Through her transformed life, Martha demonstrated that I, through my own inner transformation, also could possibly tame the cancer dragon in my body. I could use her example of changing my attitudes, reconstructing my behaviors, and making major life choices to help subdue my own cancer dragon. Then medical treatment could kill it.
Since this is my seventh year free of evidence of cancer and free of cancer treatment, I felt it was high time I made my pilgrimage to The Collegiate Church of Saint Martha in Tarascon, which purportedly houses Martha’s relics. It was the third most popular pilgrimage site during the Middle Ages. And it became my biblical Year of Jubilee cancer pilgrimage site.
I feel deeply gratified for the experience.
Do you want to feel gratified for having accomplished things on your bucket list? Do you still have things to do, activities that are waiting for you to take up the baton and start directing your own life?
Or are you making excuses?
Sometimes we have to face down our fears before we can take the leap into the dark.
Join me on the air Saturday at 7 p.m. EST with Marcia McMahon, in radical remission from stage 4 breast cancer. Marcia hosts the Peaceful Planet show at Www.bbsradio.com/peacefulplanet. We’ll cover a wealth of holistic information on thriving beyond cancer, including spiritual approaches , diet, and traditional therapy.
If you or someone you love has Leiomyosarcoma, you will soon be able to call a new helpline offering free counseling support. The designated phone number will go live Sept. 1, 2018, and is a collaborative effort between the National LeioMyoSarcoma Foundation and the Cancer Support Community. Operating hours will be Monday through Friday, 9 a.m. to 9 p.m. Eastern Standard Time. The phone number will be announced by Sept. 1. International rates apply.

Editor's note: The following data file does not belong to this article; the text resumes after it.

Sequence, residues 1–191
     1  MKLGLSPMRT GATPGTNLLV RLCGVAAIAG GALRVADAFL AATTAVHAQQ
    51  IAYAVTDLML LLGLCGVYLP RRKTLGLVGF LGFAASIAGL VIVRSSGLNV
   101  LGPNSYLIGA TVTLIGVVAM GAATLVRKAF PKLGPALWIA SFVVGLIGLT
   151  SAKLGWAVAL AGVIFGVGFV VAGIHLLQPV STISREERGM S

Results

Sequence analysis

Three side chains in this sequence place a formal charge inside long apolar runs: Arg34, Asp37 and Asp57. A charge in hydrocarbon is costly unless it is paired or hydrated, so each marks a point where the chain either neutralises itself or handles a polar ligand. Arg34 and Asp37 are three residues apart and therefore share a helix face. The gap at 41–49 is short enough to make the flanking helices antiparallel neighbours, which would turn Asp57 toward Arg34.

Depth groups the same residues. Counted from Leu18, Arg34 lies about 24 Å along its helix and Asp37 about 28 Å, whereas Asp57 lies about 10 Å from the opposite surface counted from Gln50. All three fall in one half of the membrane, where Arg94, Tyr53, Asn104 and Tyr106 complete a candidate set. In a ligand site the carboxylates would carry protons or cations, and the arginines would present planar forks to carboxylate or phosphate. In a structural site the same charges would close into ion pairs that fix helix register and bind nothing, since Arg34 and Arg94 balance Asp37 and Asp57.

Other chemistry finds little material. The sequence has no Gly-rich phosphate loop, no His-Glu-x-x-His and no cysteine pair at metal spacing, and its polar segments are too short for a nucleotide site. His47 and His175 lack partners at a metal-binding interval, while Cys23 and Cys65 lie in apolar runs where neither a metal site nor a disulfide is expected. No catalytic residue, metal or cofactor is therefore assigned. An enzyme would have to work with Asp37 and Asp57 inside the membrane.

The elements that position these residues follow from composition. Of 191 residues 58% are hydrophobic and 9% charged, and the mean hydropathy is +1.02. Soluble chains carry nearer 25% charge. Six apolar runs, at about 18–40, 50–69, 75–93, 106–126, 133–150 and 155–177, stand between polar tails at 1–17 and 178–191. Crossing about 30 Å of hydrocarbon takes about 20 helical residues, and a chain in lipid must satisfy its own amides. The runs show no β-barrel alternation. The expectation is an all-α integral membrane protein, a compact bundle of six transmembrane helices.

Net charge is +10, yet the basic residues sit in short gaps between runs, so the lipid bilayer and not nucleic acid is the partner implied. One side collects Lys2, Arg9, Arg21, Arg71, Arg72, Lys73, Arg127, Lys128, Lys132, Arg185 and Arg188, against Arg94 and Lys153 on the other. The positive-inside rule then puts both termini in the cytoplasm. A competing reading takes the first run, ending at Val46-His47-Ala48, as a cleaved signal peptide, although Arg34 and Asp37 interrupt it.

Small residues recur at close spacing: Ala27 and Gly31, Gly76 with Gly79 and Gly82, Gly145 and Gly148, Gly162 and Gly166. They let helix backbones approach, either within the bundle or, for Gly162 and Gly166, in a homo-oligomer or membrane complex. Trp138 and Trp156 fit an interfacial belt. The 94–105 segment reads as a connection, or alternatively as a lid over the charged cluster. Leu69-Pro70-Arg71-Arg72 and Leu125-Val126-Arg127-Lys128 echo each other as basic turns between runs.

Trained CSC professionals and counselors will provide information, counseling, and navigation services in both English and Spanish at no cost to callers.
Medical advice is not provided, and must be directed back to the patient’s oncology care team. Information provided on clinical trials and genomic/genetic testing must always be further discussed with your oncologist/oncology care team.
Cancer Support Helpline services include, but are not limited to:
Connecting callers to local or national resources, transportation services and other local programs where patients live, providing direct coordination support to patients
Short-term cancer counseling and emotional assistance
Treatment decision planning in support of the oncological care team
Financial navigation and counseling regarding the costs of cancer and its treatments
Specialized information on finances / financial planning guidance
Clinical trials navigation/information and search assistance
Genetic/genomic information assistance
Access to an online distress screening program, CancerSupportSource®
General information about the Cancer Support Community
Now Mary stood outside the tomb crying… she turned around and saw Jesus standing there, but she did not realize that it was Jesus…. Thinking he was the gardener, she said, “Sir, if you have carried him away, tell me where you have put him, and I will get him.” Jesus said to her, “Mary.” She turned toward him and cried out in Aramaic, “Rabboni!” (which means “Teacher”).
John 20:14-15, New International Version (NIV)
Mary Magdalene, leader of Jesus’ inner circle of women disciples, looked at this “gardener” and did not recognize him—her beloved Teacher, a man with whom she had hiked and camped and eaten for months.
It’s kind of like having April Fools’ Day on Easter Sunday.
Oh, wait. That’s this year.
Both days happen to fall on April 1, 2018.
This hasn’t occurred since 1956, and you won’t get another chance at it again until 2029.